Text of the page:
Well balanced, possessed of above average intelligence and a sense of humour, Wood was a persuasive and popular minister. Through his friendships with Charles James Stewart and particularly George Jehoshaphat Mountain, who shared his tastes and ideas, Wood’s opinion, though rarely publicized, was well respected in the church, but his fear of publicity prevented his fulfilling their expectations. Himself a forgotten notable, his life and thought remain representative of the Anglican clergy of his time.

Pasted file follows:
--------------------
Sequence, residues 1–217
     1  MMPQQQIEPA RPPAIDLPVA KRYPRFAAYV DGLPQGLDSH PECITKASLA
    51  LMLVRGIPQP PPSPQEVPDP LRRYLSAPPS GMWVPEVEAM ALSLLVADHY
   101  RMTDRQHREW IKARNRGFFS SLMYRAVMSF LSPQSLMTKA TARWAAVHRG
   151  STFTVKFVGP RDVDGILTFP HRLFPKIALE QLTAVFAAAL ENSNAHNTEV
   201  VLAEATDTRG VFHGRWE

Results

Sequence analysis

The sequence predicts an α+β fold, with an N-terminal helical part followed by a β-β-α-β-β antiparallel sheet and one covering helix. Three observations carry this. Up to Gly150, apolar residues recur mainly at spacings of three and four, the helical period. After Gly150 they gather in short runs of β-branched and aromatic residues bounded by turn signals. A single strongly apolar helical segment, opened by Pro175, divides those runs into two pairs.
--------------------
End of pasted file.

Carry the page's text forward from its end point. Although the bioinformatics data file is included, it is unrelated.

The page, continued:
S. S. Wood, An apology for the colonial clergy of Great Britain: specially for those of Lower and Upper Canada (London, 1828). Anglican Church of Canada, Diocese of Montreal, Synod Archives (Montreal), Letters and papers of George Jehoshaphat Mountain, 19, 23 Dec. 1833; 2 Jan., 26 Feb. 1834; 8 Aug. 1835. Church House Archives (Quebec), Diocese of Quebec, Minutes of the meetings of the Central Board of the Church Society of the diocese of Quebec, 1854–68. McGill University Archives (Montreal), Bills, invoices, and miscellaneous documents, 1821–39, 9 May, 2 July 1834; 20, 22 July, 8 Aug., 18 Nov. 1835. PAC, MG 24, A40, 1, p.208. PRO, CO 42/260, pp.711–12 (mfm. at PAC). QDA, 50 (B-4), pp.2–29, 42; 70 (B-24), pp.46–47, 49–50, 66–106, 108–9; 81 (C-10), p.65; 94 (D-13), 6, 30 Aug. 1834; 30 Jan., 2 Feb., 19 May, 28 Dec. 1835; 97 (D-16), 7, 22 April, 28 Aug. 1841; 16 Feb., 27 May, 26 July 1842; 114 (G-8), pp.18–28; 122 (G-16), p.25; 124, case 2, folder 13, p.3. USPG, C/CAN/Que., IV, 31, f.368; 33, f.370; 34, ff.370, 375; Journal of SPG, 32, pp.73, 110, 326 (mfm. at PAC).